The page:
The grand canal circles around Suzhou City, forming a shape of “口”. On the left side below this shape lies the “Wannian”?Bridge. Facing “Xu”?Gate, there was a harbor near the bridge. It used to be a prosperous trading center with countless merchants and vessels coming in and out. According to “History of CangLang”(2), “Wannian”?Bridge was built in 1740.
According to folk tales, when emperor “QianLong”?in Qing dynasty came to Suzhou during his visit to the southern part of China, there happened to be a newly-constructed bridge waiting to be named. Locals hoped “Qianlong”?could come up with a name. Immediately after the request, a bride went on the bridge, murmuring “Bride crosses new bridge. Thousands years of wealth and millions years of Bridge.”?It inspired “Qianlong”?and he named the bridge “Wannian”?Bridge. “Wannian”?means millions of years.
There are many similar cases in which emperors naming various locations. Such phenomenon perfectly demonstrates that ancient emperors’?political autocracy further resulted in cultural autocracy. Besides being able to manipulate everything happening in his palace, emperors also had absolute control over folk culture. What’s also noteworthy is that this kind of cultural despotism was actually accepted and welcomed by common people. The names given by the emperors were by no means deprivation of their own naming rights. Instead, they were noble honors. The naming of different locations including bridges is only the most superficial representation of this kind of ideology. Under many other circumstances, even when the actions of emperors were radical and extreme, the majority of people still followed unconditionally.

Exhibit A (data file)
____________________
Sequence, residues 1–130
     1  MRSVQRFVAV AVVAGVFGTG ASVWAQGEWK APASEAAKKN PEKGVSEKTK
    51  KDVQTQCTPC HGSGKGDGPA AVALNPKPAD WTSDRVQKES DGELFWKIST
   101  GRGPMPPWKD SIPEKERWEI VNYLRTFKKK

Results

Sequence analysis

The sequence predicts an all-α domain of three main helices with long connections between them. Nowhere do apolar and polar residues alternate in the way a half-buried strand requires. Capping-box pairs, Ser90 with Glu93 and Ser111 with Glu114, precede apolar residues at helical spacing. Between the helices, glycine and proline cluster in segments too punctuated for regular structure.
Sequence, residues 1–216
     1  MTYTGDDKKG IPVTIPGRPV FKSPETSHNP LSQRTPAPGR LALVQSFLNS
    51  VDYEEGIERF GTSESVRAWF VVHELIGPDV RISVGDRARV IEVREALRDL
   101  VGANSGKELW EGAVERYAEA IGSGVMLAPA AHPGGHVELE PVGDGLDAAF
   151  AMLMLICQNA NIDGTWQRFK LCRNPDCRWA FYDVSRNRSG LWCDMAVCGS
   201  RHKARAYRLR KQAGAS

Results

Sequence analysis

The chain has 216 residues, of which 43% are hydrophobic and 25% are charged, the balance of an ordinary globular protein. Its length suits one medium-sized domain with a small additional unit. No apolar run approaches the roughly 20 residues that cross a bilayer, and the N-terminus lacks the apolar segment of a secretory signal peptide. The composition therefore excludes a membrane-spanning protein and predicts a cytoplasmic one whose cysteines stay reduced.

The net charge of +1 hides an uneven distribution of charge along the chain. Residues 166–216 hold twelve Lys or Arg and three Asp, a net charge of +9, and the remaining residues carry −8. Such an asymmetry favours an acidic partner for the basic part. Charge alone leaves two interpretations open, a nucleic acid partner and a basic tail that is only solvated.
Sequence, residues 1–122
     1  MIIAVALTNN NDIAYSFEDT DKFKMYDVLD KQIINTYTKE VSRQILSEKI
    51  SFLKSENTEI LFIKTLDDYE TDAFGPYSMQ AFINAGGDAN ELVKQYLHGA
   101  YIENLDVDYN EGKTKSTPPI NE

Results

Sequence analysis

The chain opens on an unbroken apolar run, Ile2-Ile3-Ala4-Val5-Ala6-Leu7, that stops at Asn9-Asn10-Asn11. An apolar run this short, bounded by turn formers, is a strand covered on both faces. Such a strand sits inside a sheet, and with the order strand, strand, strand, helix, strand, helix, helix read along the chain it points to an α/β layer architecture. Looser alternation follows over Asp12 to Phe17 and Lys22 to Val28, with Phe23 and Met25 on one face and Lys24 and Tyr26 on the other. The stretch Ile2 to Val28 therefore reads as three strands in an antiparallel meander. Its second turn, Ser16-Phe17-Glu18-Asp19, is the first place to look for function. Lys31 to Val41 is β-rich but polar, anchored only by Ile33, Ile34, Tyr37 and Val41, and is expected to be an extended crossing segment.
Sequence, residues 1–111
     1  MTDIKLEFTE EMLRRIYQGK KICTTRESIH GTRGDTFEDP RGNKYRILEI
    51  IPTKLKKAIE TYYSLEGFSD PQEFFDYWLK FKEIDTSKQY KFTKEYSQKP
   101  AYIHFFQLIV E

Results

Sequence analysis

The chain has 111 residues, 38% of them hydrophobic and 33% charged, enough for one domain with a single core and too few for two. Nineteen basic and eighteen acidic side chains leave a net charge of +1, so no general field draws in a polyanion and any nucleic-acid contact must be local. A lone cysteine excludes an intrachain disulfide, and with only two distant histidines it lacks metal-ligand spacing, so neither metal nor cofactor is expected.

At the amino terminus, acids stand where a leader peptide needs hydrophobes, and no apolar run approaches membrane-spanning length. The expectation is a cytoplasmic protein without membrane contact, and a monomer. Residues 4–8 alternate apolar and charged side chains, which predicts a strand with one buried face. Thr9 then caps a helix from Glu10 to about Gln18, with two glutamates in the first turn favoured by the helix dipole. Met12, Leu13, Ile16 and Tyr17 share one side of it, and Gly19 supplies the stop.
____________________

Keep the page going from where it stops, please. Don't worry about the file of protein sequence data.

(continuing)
The cultural value within “Wannian”?Bridge lies in its representation of emperors’?absolute rights under the ancient autocratic system and the ideology of common people. Standing on “Wannian”?Bridge and looking back at the distant past, one can sense the evolution of our political system clearly. The great disparities between the past and the present are indeed thought-provoking. ?
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